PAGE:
Walsh resigns; receives agreement

Walsh resigns; receives agreement

By Shellie Berg

By Shellie Berg

Staff Reporter

On Thursday, Sept. 20, the MetroCentre Authority Board announced that it’s pulling the curtain down on General Manager Brad Walsh after 21 years of employment with the entertainment venue.

The board approved a transition agreement for Walsh’s resignation. Gary Marzorati, president of the board, refused to disclose the details of the agreement.

Walsh said he is satisfied with the agreement. Board member William Penn refused to go into details about the whole situation, but provided an opinion on the agreement. “I think it was fair on both sides,” he said.

Controversy has arisen over the city’s refusal under the Box and Scott administration to release former Rockford Community Development Director Barbara Richardson’s compensation package upon her departure. The Rockford Register Star has reported that it has repeatedly requested under the Freedom of Information Act the agreement the city made with Richardson. The city has refused to release the document, claiming it is a personnel matter and not covered under the FOIA.

At the MetroCentre, employees have complained about poor wages and poor management during Walsh’s employment. Part-time

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stage hands at the MetroCentre and Coronado voted to unionize, to attain better wages.

Dale Posey, director of organizing for the International Alliance of Theatrical Stage Employees (IATSE) union, said that some employees were only making $6 to $7 an hour and that some of the employees live in homeless shelters and can’t live on their wages. Union wage is $12 to $13 hourly.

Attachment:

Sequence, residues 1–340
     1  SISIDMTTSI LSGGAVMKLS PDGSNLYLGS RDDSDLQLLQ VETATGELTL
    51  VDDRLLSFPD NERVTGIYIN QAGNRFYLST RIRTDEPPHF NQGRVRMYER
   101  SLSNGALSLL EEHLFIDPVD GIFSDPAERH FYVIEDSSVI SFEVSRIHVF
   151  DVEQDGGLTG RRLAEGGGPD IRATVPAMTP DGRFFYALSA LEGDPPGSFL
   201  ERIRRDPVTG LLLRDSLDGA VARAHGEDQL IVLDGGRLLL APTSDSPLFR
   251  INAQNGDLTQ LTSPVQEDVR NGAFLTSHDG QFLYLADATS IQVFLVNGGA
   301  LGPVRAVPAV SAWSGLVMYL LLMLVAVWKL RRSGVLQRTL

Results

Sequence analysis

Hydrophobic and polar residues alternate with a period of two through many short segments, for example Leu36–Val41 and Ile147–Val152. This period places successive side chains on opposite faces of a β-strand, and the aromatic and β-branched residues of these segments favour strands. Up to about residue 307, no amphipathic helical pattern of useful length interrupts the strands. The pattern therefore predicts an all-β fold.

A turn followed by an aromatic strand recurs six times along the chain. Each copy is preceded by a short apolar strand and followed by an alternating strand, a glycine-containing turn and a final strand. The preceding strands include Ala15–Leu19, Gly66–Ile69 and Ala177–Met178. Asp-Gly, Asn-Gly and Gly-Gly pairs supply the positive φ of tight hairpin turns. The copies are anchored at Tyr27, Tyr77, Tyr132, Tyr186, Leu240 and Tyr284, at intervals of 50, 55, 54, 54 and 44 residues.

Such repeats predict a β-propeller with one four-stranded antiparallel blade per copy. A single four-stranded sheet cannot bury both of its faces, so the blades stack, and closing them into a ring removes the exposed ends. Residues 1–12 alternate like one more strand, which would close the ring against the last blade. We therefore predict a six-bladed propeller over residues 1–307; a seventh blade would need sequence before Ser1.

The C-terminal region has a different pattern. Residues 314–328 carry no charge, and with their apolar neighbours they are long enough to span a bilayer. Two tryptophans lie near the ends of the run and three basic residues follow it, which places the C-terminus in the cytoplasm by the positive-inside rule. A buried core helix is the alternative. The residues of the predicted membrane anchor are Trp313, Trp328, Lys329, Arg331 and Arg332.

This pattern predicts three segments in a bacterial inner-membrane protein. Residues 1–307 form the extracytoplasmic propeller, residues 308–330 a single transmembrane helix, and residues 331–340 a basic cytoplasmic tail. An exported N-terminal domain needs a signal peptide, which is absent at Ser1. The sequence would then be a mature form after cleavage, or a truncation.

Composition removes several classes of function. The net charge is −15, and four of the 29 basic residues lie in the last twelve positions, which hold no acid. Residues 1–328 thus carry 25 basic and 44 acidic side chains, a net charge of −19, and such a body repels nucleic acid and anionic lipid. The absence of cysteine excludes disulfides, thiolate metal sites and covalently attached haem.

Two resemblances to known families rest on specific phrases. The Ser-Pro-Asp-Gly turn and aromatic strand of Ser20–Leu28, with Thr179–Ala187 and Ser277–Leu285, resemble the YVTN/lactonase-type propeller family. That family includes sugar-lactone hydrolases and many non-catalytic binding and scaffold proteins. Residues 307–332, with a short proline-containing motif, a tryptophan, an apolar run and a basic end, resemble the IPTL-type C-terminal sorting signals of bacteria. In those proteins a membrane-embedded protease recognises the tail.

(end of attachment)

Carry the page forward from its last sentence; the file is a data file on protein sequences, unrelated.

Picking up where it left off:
Walsh’s average bonuses over the last three years have been $23,700. Walsh said his yearly salary is $64,480.

The board has hired The Furst Group, a Rockford search firm, to hunt for a replacement. Walsh will continue working until a replacement is found. Once that occurs, the board might add a second person as an assistant, so the general manager can pursue Mayor Doug Scott’s priorities. Scott wants to bring a convention center and a hotel to the River District.

Walsh said that in light of the new directions the board is taking, it’s best for him to leave at this time.

“Brad has been talking about making a change,” Marzorati said. “We’ve been talking about it for a while. His best interest is what’s good for the community.”

Walsh said he will seek out new opportunities in the area. “Rockford has become my home,” he said. He also said he wants to utilize his skills. “This is the business that I’m in,” he added.

Despite rumors of the MetroCentre Board of Directors’ displeasure with the new union and his performance, Walsh asserted he didn’t necessarily feel pressure to resign. “It was enough for me to look for other opportunities,” Walsh said.

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